Ex-NBA player Kermit Washington pleads guilty in fraud case
KANSAS CITY, Mo. (AP) Former NBA player Kermit Washington has pleaded guilty to spending thousands of dollars donated to an African charity he organized on jewelry, vacations and other personal items.
Washington, 66, of Las Vegas, played for several NBA teams in the 1970s and 1980s and is best known for throwing a punch that fractured Houston Rockets player Rudy Tomjanovich's face and left him unconscious during a 1977 game. Washington was playing for the Los Angeles Lakers at the time.
Washington was scheduled to go to trial in federal court Monday in Kansas City, Missouri, but instead pleaded guilty Thursday to two counts of making a false statement in a tax return and one count of aggravated identity theft.
Prosecutors accused Washington of using his position as representative of the National Basketball Players Association to refer professional athletes to Ronald Jack Mix, a Pro Football Hall of Famer and San Diego lawyer who specialized in workers' compensation cases. Mix filed workers' compensation cases for the athletes and then donated about $155,000 to Washington's charity, The Sixth Man Foundation.
In his plea, Washington admitted that he diverted that money to pay himself and for personal expenses. He also admitted that he didn't report that income to the charity on Project Contact Africa's IRS filings for several years.
Mix, 78, pleaded guilty in May 2016 to filing a false tax return. He admitted he made donations ranging from $5,000 to $25,000 for referrals of athletes and then claimed those payments as charitable contributions on his individual tax returns from 2010 to 2013.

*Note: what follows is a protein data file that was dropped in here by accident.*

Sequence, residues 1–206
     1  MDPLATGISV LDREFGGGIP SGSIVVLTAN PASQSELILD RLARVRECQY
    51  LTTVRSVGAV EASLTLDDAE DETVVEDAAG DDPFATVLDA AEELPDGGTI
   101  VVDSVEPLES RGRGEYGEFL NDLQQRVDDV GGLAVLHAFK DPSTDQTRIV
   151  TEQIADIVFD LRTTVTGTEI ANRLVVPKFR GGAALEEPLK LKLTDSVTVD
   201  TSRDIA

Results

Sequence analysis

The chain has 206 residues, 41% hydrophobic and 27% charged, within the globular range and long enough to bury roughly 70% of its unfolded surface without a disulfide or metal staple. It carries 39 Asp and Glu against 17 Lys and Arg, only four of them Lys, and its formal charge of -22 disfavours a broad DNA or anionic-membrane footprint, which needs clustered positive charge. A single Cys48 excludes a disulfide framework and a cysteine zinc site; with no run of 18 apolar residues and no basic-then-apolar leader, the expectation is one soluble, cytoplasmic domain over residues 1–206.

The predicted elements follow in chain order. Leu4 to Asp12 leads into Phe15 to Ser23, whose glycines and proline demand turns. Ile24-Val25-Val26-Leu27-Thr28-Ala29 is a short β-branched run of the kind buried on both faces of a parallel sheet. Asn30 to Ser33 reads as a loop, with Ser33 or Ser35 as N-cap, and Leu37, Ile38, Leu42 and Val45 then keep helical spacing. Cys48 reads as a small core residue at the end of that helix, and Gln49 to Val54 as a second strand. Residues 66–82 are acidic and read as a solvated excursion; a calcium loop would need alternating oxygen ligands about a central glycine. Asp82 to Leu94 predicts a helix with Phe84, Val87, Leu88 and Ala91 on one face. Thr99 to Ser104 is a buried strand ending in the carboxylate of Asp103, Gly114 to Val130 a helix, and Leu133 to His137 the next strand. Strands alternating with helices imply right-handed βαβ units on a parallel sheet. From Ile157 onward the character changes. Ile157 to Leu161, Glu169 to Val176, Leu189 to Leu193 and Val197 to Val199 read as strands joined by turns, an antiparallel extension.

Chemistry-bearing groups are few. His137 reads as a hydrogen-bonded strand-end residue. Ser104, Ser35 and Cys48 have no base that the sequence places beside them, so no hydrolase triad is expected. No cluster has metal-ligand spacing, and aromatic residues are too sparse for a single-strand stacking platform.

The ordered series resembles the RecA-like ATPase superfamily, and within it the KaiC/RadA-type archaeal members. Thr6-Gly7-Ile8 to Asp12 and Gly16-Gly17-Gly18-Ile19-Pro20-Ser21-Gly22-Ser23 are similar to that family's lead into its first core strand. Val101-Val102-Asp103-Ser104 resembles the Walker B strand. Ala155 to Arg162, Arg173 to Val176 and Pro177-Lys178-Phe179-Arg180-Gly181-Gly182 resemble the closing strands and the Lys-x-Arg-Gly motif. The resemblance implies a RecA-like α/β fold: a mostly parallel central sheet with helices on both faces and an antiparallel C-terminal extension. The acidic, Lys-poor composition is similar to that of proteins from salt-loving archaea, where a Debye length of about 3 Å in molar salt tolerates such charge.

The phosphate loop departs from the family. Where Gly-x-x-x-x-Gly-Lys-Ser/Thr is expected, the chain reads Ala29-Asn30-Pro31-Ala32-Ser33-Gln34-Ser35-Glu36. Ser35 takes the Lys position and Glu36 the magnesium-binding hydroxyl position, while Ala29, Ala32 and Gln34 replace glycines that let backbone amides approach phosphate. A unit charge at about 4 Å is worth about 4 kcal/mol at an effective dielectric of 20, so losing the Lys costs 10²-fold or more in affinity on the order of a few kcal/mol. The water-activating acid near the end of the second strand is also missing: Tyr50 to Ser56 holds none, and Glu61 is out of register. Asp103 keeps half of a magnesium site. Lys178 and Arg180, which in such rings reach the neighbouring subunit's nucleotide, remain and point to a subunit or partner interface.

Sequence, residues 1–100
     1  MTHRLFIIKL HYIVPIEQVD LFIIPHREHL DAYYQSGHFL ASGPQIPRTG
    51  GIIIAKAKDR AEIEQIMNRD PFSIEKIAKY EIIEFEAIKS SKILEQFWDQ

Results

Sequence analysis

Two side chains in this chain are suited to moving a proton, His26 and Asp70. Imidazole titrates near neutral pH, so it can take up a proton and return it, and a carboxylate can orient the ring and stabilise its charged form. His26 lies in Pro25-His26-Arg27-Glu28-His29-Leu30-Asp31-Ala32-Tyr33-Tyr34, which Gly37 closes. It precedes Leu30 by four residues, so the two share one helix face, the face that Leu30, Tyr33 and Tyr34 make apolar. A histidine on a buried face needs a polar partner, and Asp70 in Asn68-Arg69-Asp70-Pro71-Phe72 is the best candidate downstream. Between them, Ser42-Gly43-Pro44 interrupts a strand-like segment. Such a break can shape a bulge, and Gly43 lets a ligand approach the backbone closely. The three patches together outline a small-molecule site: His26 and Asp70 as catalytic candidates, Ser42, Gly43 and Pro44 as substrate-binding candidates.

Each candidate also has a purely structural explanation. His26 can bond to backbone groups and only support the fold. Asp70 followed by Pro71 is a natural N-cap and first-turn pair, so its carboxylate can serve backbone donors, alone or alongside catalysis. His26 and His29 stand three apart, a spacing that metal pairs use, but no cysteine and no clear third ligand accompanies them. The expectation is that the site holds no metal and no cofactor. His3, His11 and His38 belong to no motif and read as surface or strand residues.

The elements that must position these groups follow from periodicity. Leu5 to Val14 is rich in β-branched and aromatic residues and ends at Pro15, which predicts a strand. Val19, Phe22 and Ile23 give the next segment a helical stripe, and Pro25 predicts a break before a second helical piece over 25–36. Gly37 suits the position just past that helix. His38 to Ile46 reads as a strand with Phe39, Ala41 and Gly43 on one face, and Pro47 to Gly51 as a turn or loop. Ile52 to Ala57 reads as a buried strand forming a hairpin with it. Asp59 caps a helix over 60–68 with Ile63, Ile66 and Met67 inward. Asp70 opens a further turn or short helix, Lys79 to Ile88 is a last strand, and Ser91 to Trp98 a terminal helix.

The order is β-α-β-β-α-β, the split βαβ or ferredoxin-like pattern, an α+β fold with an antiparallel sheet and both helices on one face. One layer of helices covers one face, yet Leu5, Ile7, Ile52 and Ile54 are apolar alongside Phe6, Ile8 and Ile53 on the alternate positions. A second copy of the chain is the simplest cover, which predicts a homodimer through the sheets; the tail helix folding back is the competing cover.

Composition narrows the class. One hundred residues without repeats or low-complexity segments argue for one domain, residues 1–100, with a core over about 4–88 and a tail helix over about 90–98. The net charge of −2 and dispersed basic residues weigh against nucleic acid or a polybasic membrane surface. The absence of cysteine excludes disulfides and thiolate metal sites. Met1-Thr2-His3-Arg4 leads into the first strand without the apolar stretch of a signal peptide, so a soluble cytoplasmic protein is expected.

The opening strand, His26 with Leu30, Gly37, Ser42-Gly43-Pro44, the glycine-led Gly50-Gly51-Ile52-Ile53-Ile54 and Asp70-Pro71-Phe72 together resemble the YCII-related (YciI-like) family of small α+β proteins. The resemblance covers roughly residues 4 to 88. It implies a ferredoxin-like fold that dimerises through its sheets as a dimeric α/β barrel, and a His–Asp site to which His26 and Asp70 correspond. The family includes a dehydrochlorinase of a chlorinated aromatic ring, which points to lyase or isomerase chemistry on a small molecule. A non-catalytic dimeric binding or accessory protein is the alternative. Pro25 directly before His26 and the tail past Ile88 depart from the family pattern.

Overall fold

Washington also admitted that he accepted $82,025 in contributions to his charity from Reza Davachi, 43, of Damascus, Maryland, which he also diverted for his personal use.
The investigation into Washington arose from an earlier Kansas City-based federal investigation into pirated software that involved Davachi and several other people and became one of the largest software piracy schemes ever prosecuted by the U.S. Department of Justice. The defendants in that case were accused of paying Washington to allow them to sell items through Project Contact Africa's website, saving them money in fees that would have been owed to PayPal and eBay if the items were not sold through a charity. The waived fees cost eBay/PayPal about $908,000. Davachi pleaded guilty in October 2015 to his role in the scheme.
Washington also admitted that used the identity of another person in numerous state and federal filings on behalf of the charity to perpetuate the fraud.
A co-defendant, Patricia Harris, 65, of Las Vegas, pleaded guilty Thursday in federal court in Kansas City to making false declarations before a grand jury. She admitted she co-authored false minutes for purported meetings of the charity's board of directors meetings in 2012, 2013, 2014 and 2015 that never occurred.
Washington and Harris are among 11 defendants who have pleaded guilty in the related cases arising from the software piracy conspiracy and charity fraud scheme.
No sentencing date has been set for Washington.